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Democratic therapeutic communities (TCs), use a “flattened hierarchy” model whereby staff and clients are considered to have an equal voice, sharing administrative and…
Democratic therapeutic communities (TCs), use a “flattened hierarchy” model whereby staff and clients are considered to have an equal voice, sharing administrative and some therapeutic responsibility. Using the sociological framework of interaction ritual chain theory, the purpose of this paper is to explain how TC client members negotiated and enforced community expectations through an analysis of power within everyday interactions outside of structured therapy.
The study used narrative ethnography, consisting of participant observation with two democratic communities, narrative interviews with 21 client members, and semi-structured interviews with seven staff members.
The findings indicate social interactions could empower clients to recognise their personal agency and to support one another. However, these dynamics could be destructive when members were excluded or marginalised. Some clients used their interactions at times to consolidate power amongst dominant members.
It is argued that the flattened hierarchy approach theoretically guiding TC principles does not operate as a flattened model in practice. Rather, a fluid hierarchy, whereby clients shift and change social positions, seems more suited to explaining how the power structure worked within the communities, including amongst the client group. Recognising the hierarchy as “fluid” may open dialogues within TCs as to whether, and how, members experience exclusion.
Explorations of power have not specifically focused on power dynamics between clients. Moreover, this is one of the first papers to look at power dynamics outside of structured therapy.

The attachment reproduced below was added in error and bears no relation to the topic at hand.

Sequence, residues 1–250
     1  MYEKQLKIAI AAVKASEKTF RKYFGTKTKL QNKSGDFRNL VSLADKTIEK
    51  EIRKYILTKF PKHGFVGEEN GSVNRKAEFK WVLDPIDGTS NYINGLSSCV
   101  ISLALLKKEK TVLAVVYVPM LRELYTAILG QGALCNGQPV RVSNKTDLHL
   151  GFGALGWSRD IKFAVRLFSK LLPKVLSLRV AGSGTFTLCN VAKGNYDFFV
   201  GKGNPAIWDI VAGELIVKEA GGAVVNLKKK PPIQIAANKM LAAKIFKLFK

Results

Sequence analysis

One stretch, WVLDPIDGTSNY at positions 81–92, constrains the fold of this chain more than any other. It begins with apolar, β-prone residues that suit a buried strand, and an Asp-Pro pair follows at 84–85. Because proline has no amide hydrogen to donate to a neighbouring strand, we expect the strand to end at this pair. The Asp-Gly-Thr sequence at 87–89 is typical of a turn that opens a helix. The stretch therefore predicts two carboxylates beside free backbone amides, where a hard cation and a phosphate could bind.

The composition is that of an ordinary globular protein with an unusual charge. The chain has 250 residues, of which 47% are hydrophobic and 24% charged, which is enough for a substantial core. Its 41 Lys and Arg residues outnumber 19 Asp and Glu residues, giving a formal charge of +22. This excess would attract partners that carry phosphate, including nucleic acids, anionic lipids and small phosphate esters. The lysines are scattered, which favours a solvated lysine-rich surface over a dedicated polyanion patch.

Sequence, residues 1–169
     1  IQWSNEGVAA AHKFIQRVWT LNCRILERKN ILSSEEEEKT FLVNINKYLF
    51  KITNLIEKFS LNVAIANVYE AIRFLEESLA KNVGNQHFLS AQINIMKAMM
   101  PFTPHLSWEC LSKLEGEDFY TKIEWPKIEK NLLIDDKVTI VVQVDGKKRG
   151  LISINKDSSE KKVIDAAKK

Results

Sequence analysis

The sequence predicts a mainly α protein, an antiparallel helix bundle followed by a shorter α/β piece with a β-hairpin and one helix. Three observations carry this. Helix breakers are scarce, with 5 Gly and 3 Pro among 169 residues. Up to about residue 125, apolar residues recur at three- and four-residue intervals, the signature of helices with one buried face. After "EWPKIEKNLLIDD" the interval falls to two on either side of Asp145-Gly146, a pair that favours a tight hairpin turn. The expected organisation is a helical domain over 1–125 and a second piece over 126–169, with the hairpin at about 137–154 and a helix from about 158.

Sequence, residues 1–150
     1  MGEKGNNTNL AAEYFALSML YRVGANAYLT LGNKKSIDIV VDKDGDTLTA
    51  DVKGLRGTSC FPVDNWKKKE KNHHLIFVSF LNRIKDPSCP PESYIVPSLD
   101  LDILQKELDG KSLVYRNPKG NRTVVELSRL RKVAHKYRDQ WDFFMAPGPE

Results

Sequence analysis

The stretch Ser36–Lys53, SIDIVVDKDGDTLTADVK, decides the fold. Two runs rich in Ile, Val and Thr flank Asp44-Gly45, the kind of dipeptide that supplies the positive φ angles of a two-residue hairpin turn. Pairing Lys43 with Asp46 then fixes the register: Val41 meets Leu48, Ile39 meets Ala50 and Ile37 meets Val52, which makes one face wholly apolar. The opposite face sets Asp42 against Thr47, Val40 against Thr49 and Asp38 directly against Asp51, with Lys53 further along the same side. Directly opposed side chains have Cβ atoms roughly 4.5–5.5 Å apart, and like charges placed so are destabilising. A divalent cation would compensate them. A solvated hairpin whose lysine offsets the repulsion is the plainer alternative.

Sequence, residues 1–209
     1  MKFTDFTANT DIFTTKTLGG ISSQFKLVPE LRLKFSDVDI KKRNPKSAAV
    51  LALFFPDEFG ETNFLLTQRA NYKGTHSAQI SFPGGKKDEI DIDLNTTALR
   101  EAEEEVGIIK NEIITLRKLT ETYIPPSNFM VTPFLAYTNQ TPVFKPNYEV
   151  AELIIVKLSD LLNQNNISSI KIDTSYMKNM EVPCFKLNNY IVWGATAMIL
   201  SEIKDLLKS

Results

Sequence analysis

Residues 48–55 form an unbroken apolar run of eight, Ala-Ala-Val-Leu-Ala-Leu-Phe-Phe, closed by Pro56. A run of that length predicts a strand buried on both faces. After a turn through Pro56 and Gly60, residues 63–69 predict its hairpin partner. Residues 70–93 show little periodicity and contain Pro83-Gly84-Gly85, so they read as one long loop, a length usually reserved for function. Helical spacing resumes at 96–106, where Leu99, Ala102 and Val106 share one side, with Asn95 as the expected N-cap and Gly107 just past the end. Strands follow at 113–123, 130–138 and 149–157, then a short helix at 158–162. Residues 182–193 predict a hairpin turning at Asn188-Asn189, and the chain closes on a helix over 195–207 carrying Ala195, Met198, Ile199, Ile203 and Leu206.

The purpose of this paper is to explore the potential for personal and community transformation through storytelling within a therapeutic community (TC) through the…
The purpose of this paper is to explore the potential for personal and community transformation through storytelling within a therapeutic community (TC) through the analysis of one narrative case study.
The paper uses a narrative research design to describe and theorise the individual narrative of a TC client member, “Emily”, who self-identified areas of therapeutic change. Emily’s story is a single case of personal and community transformation. Analysis focussed on story of her weight loss to understand her changing role to herself and the community.
Emily’s story reveals the social complexities underpinning individual transformations within a community context. This complexity is particularly evident as Emily experienced visible weight loss but identified that the meaningful change is her changed relationship with herself and others. Using theories on symbolic interactionism, analysis of Emily’s narrative indicates the TC played a role in facilitating personal change and that through sharing her story with the wider TC, the community shifted its perspective on food and weight loss.
The paper expands the discussion on how storytelling practices within a TC contribute to therapeutic change. It is argued that community relationships play a key role in facilitating a changed relationship with self and others, and that stories themselves play an active role in shaping community meanings.